To select the problem, you want to solve
This step requires grant-making organisations to finalise the community’s issue they want to address. Based on the urgency and analysis completed in the previous step, you should select the concern that tops your list and requires the utmost attention.
To collect information on the issue
Once your research has allowed you to determine the problem you would like to fix, refer to all the available sources of information you know about to find and collect data around the problem you are working towards. Some of the recommended sources of information grantmakers could rely on to educate themselves on the existing issues in the community include- information from social workers and activists, newspapers, reports published by government bodies or other organisations working towards increasing awareness related to social problems, and data from the local police department data around the issue you are working on.
To compare alternatives
Just like misidentifying the problem can result in a loss of time and resources for grant-making organisations, acting without testing and trial would produce no different results. It is suggested that before your design your grant program you investigate existing programs that are working to solve the same issue. This will help you understand how you can structure the program to have more impact.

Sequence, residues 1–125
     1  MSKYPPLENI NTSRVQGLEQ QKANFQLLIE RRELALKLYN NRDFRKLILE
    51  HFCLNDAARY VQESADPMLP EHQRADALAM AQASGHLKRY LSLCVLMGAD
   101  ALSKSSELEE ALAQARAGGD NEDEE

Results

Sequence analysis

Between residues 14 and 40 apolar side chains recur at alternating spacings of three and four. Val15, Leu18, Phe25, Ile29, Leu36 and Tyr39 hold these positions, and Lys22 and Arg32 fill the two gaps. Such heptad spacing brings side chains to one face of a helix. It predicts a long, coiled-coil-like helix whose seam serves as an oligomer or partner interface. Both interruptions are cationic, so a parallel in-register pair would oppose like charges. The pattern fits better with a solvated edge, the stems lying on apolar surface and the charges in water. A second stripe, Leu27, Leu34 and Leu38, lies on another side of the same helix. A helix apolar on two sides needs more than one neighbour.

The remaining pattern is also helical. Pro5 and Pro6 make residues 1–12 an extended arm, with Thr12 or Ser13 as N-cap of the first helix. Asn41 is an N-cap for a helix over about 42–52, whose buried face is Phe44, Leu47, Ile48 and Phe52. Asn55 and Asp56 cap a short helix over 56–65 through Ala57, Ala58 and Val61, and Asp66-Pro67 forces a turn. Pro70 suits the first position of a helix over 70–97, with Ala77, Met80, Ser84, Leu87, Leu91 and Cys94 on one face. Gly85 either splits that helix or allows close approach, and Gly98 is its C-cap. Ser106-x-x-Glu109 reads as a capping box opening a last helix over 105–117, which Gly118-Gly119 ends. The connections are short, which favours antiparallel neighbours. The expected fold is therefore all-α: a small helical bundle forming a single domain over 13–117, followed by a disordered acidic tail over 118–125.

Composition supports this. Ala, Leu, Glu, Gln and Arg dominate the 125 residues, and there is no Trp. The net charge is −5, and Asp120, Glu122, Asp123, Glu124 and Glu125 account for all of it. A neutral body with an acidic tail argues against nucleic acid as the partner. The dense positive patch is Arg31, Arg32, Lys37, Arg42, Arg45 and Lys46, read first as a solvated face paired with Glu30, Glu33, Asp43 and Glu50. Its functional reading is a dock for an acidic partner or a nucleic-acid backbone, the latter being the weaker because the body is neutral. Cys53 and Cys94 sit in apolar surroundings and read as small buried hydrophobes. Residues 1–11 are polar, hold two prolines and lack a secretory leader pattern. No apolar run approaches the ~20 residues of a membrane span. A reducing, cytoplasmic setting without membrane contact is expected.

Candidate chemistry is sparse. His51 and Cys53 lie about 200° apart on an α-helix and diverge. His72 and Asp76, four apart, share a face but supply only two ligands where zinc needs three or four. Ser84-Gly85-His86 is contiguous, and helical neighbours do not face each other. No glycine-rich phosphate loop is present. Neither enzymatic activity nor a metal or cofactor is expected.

Following these simple steps will, without a doubt, improve your grant-making journey and make it smoother and more effective than before.
Benefits of Research in Grantmaking
Now that you have gained a basic understanding of the role of research in grantmaking and the important steps involved in conducting the research let us look at some of the benefits of research in grant-making before you embark upon your research journey.
- Introduces you to new perspectives on the problem you are trying to solve.
- Assists in better decision-making.
- It helps you direct your efforts to maximise impact.
- It gives you the confidence to solve the problem.